Monday, July 25, 2011

Kipling's Training Journal: Part One

I strikes me that I really ought to keep better track of what Kipling and I are working on in this adventure of puppyhood. I'll try to publish this at least weekly going forward - with photo and video clips.

Fourteen Weeks:
Sessions are still super short and are broken into formal (planned) sessions and spontaneous (unplanned) sessions. I'm almost always walking around with a pocket full of cheerios (The Spin Doctors have nothing on me) and a toy (love THIS Cuz Dino for this purpose) and a clicker in my other pocket. I am still aiming for less than 5 minutes in duration or less in any session. The spontaneous sessions are closer to 3-5 reps and done.

Name recognition
I did a ton of name recognition when he was 9-10 weeks old in conjunction with loading the clicker. I hadn't done as much in the last two weeks or so and it was starting to show - particularly now that Kipling is growing out of the "suck up" stage.
So, lots of hide and seek, turning my back and calling him - expecting him to come around front and make eye contact, also sit in heel/right heel position and making eye contact there too. I'm really trying to do at least one 60-90 second session of this a day - sometimes in a formal session and sometimes as part of our regular routine (out for potties - "KIPLING!" {eye contact, moving towards me, etc} Click/Treat).
There's a big attention component to name recognition, I'm deliberately testing him when he's in the midst of doing something really fun like playing with Teller, in the sprinkler, drinking water, with a chewie, etc with a "Kipling!" and rewarding handsomely when he breaks away from those activities and comes to me (we're talking tugging, a piece of hot dog, loads of attention, etc.
I'm leveraging the BIG boys in some of these exercises - both of which will drop whatever they're doing for a cookie and they know cookies are available in abundant quantities right now (pocket full of cheerios and all).

Loose leash walking
Short walks up and down the street are going really well, he's hanging in heel(ish) position for 10-15 steps between reinforcement, though I'm varying reinforcement anywhere from one step to fifteen. We're changing direction a lot, paying for quick little about turns and he's working equally well on the right side as the left. Last week I had a puppy that was wanting to cross in front or behind me a lot - keeping the leash loose, but not exactly working with me. It's a stage all puppies go through and consistent placement of reinforcement has refined the expectations and he's doing well in either position.

Sit is getting more complicated for Kipling, last week we lost the sit entirely in favor of the down - which always happens at some point - it's always funny to see them start to generalize: if down means cookies, down must be better than sit, so sit=down=cookie. This is always a short setback and what it tells me is that he's learning and he's thinking. I need to reinforce that sit and down are two separate behaviors. We're adding some duration in the sit, at this point we have about 30 seconds with me 5' away and I can do a walk-around (a'la novice rally) sit-stay (though still not using the word).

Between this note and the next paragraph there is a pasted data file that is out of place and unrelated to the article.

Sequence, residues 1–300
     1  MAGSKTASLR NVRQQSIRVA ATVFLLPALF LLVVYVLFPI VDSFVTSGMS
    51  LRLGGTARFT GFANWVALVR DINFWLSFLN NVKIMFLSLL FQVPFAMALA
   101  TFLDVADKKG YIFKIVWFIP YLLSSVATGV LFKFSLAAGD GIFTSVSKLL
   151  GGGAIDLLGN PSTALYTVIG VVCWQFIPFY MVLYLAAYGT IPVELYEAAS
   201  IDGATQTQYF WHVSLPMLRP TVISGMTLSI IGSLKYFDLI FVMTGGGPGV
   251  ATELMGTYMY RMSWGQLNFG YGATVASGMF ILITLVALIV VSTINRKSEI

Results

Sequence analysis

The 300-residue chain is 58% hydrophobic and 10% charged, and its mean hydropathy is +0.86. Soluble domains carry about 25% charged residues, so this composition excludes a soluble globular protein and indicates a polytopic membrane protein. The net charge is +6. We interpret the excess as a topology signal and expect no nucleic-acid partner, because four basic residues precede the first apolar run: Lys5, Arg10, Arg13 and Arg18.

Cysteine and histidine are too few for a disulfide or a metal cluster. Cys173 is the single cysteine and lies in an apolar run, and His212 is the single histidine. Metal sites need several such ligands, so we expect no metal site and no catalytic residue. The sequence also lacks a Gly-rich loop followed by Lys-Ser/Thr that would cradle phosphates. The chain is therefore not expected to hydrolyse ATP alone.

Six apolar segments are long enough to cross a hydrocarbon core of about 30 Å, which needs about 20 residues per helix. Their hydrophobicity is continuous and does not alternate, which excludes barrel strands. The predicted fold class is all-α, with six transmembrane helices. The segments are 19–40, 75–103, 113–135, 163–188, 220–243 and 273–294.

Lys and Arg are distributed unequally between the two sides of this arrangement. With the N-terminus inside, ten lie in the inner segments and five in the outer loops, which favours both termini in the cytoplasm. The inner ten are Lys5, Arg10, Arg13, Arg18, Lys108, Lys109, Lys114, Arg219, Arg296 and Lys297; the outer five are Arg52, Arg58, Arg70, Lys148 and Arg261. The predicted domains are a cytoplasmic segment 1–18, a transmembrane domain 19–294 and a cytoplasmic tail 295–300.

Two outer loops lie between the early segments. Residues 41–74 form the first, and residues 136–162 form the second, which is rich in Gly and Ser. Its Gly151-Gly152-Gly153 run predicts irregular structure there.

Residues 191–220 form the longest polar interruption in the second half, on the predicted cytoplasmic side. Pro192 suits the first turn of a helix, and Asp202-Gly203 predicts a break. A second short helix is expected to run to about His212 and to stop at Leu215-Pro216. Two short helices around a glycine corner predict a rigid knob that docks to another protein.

Kipling came with a sit for a default behavior, which I've been working to replace with down. Down is certainly a more stable behavior for a default - and a fast down will come in very handy when it comes time for drop on recalls, table behavior, control behavior, settling ringside, etc. You probably saw with our blanket game that he's offering a lot of downs. At meal-time we have a 30-45 second partially  out of  sight down-stay while I deliver food bowls and release the dogs to eat one at a time. In the down I've also got about 15-20' of distance outside with light distractions.

Another one of those "we're gonna need this" behavior. I have some aspirations of putting Kipling into the breed ring before he starts his obedience and agility careers. Learning to stand, stack and gait is pretty high on my priority list. I'm no pro at handling and stacking, but I can get him accustomed to having his feet handled and placed, teach a bit of free-stacking and learn to hold still while "judges" go over him.

Put'cher head down
For the BIG dogs this game has a couple of names - pathetic, put yer head down and bang. When we're ringside getting ready to run Teller's Put Yer head down has turned into 'put your head down (between your paws) and frog out your back feet. This gets his belly on the colder (usually anyway) floor and it stretches him out too. During down-stays a dog with a head down isn't looking around for other options or at other dogs, it's a very stable position. I started this trick a bit on the blanket and introduced it as a solo criteria training session this evening as we were rained out of our loose-leash walk this evening.